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This publication is available at https://www.gov.uk/government/publications/coronavirus-covid-19-guidance-for-people-receiving-direct-payments/people-receiving-direct-payments-and-those-they-employ-quick-read
Applies to: England
This document sets out the 7 most important things that direct payments holders, local authorities (LAs), clinical commissioning groups (CCGs), and those who provide care and support, including personal assistants, should know during the coronavirus (COVID-19) outbreak.
There’s more information in the full guidance for people receiving direct payments and personal assistants.
1. Direct payments should continue as before
They will not be stopped as a result of COVID-19.
Direct payments are still as important as any other type of care and support.
LAs and CCGs must make every effort to ensure that people’s budgets and direct payments are maintained and supported.
2. Open communication is very important
LAs and CCGs will proactively communicate with all direct payment holders to ensure they stay safe and are assured about the LA or CCG’s concern for their wellbeing.
Direct payment holders should have a point of contact at their LA or CCG who can support and advise them when needed.
3. The government expects direct payments to be used as flexibly as possible to manage any issues arising from COVID-19, as set out in regulations
This is very important so that people can stay safe and receive the care and support they need.
Where necessary, for example in an emergency or when it’s time-critical, this may result in a varied care and support plan that is put into action without direct approval from the LA or CCG, on the basis that it is the right and reasonable thing to do so people stay safe and receive the care and support they need.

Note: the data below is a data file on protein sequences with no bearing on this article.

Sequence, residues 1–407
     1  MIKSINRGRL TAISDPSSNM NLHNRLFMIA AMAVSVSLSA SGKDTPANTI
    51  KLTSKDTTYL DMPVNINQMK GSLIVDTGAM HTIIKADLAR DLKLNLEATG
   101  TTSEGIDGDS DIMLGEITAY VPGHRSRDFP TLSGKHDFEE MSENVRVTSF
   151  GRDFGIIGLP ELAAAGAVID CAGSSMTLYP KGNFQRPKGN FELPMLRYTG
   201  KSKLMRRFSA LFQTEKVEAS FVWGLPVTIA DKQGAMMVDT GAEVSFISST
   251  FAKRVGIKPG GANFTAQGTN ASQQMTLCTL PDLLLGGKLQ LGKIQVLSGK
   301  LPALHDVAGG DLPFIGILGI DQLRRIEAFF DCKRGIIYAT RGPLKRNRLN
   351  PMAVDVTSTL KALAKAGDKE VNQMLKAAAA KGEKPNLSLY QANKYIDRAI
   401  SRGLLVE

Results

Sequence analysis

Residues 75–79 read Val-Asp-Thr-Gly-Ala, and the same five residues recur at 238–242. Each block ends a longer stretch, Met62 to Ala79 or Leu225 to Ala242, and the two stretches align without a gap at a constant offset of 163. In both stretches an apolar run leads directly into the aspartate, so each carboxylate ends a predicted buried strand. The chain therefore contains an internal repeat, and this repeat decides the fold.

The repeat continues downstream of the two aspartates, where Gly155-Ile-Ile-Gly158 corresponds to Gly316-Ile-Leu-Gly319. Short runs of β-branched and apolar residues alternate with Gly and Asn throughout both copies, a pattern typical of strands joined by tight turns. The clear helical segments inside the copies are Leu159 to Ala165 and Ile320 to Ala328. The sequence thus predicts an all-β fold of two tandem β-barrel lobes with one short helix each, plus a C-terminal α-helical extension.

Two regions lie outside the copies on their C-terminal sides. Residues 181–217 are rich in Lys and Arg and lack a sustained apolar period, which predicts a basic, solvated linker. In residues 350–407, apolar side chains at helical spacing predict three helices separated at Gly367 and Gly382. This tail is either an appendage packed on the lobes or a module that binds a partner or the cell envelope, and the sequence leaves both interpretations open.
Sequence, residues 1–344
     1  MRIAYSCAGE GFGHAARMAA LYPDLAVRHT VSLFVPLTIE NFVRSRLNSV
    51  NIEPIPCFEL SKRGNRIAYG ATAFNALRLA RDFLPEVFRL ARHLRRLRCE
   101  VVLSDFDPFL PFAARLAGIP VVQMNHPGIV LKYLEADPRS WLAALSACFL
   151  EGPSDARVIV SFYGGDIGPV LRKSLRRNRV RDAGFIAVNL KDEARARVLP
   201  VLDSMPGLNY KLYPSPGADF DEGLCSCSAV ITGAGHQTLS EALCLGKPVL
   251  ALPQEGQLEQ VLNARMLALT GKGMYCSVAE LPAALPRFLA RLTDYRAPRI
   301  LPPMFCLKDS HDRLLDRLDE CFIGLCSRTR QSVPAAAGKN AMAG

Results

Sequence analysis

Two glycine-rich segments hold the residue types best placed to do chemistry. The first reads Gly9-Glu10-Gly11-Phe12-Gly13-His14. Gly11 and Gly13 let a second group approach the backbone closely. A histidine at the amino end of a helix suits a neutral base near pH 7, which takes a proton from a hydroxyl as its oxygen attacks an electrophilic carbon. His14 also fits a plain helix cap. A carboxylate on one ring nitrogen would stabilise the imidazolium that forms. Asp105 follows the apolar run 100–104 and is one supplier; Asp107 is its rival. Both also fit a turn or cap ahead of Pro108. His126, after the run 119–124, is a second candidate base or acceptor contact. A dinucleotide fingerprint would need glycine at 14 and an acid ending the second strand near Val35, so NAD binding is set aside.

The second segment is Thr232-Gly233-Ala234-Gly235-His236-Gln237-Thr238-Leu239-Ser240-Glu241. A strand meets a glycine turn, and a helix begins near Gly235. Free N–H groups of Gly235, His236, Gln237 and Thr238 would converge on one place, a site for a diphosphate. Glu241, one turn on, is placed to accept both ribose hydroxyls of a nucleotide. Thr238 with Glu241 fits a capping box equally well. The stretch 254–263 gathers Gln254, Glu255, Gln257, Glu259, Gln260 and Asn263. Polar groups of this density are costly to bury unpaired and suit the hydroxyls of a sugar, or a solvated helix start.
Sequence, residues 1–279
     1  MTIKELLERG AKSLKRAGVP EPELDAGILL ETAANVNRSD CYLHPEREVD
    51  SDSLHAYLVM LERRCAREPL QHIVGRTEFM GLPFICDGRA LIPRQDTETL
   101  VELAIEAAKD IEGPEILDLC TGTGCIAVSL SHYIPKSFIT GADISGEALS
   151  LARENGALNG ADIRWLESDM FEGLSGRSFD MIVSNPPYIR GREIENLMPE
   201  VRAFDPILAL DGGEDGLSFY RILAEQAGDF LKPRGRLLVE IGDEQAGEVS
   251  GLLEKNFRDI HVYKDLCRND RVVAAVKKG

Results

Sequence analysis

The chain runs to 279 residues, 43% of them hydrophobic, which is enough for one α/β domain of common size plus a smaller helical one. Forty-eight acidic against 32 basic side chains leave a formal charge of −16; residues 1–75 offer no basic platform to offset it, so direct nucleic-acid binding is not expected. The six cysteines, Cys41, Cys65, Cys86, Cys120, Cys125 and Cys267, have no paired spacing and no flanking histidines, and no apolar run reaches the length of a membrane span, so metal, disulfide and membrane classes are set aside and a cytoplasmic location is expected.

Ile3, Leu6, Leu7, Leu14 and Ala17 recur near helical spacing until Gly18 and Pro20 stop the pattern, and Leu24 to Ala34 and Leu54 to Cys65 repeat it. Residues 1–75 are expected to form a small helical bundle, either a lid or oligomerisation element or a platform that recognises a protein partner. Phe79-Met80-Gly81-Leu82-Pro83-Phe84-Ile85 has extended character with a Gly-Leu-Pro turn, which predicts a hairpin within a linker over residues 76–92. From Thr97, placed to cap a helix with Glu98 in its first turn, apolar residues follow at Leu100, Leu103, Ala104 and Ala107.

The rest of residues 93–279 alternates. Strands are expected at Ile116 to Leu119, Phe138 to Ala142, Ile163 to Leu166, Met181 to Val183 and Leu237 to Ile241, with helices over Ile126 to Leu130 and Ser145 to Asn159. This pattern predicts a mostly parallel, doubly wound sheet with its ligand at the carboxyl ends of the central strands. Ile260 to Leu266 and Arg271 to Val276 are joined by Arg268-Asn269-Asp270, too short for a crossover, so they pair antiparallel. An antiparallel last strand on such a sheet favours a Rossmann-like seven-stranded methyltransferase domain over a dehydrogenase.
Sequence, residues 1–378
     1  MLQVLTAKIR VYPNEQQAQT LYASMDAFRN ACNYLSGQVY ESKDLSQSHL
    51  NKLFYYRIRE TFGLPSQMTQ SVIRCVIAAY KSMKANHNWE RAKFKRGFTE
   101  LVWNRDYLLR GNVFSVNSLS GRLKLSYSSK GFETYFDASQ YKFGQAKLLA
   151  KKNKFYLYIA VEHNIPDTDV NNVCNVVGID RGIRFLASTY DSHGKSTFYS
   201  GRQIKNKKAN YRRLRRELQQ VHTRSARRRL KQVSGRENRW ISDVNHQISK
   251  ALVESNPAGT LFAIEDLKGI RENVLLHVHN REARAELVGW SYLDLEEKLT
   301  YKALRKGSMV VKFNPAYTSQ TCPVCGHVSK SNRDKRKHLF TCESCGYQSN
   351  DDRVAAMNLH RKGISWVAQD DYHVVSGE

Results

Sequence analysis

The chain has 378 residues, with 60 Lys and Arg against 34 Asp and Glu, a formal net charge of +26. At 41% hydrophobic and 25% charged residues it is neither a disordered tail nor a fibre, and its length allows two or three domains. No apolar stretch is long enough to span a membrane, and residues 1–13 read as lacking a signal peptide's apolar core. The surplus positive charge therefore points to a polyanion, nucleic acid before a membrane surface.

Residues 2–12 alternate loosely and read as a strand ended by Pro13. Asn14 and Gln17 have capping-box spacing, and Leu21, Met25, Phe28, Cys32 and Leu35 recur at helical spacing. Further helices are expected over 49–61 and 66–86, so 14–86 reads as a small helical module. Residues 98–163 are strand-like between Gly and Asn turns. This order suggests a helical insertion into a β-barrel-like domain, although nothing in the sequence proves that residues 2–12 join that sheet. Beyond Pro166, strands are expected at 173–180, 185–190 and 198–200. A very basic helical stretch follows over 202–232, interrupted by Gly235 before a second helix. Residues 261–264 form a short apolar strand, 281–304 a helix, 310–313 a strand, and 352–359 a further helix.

Receipts should be kept, and LAs and CCGs should be informed how the direct payment has been used during that time.
4. All personal care assistants are considered key workers, both now and in the future
This means they’re eligible for things like free winter flu vaccinations and PPE.
Personal care assistants should also be able to support individuals when accessing supermarkets and shops, on the basis that they provide people with important care and support.
5. If you are a personal assistant supporting adults over 18 in England, you can access regular testing
For testing purposes, we have defined a personal assistant as someone who is directly employed by an individual (or self-employed) to provide care and support to enable them to live as independently as possible.
This care could include support in the home, or to go out into the community. All personal assistants who provide care that requires them to come within 2 metres of the person they support and who support adults over the age of 18 are eligible for regular testing.
6. Anybody with coronavirus symptoms, including unpaid carers and personal care assistants, can get a test
This includes home tests, delivered to their door.
Coronavirus symptoms are:
- a high temperature
- a new, continuous cough
- a loss or change to your sense of smell or taste
If you have symptoms, get a test.
7. All PAs are now eligible for a free winter flu vaccination from their GP or a local community pharmacy
Direct payment recipients should ensure that the PAs they employ are aware of the free flu vaccination and understand how to get it. This includes making sure that their PAs receive the proof of entitlement which can be found within the guidance for free flu vaccination.
Neither individuals nor their PAs will have to pay for the flu vaccination for PAs, it will be paid for by the NHS Complementary Scheme.
There’s more information on each of the points above in the full direct payment guidance.
If the issue or concern you have is not covered in this guidance, you can email us at email@example.com. We will consider them for future versions of this guidance.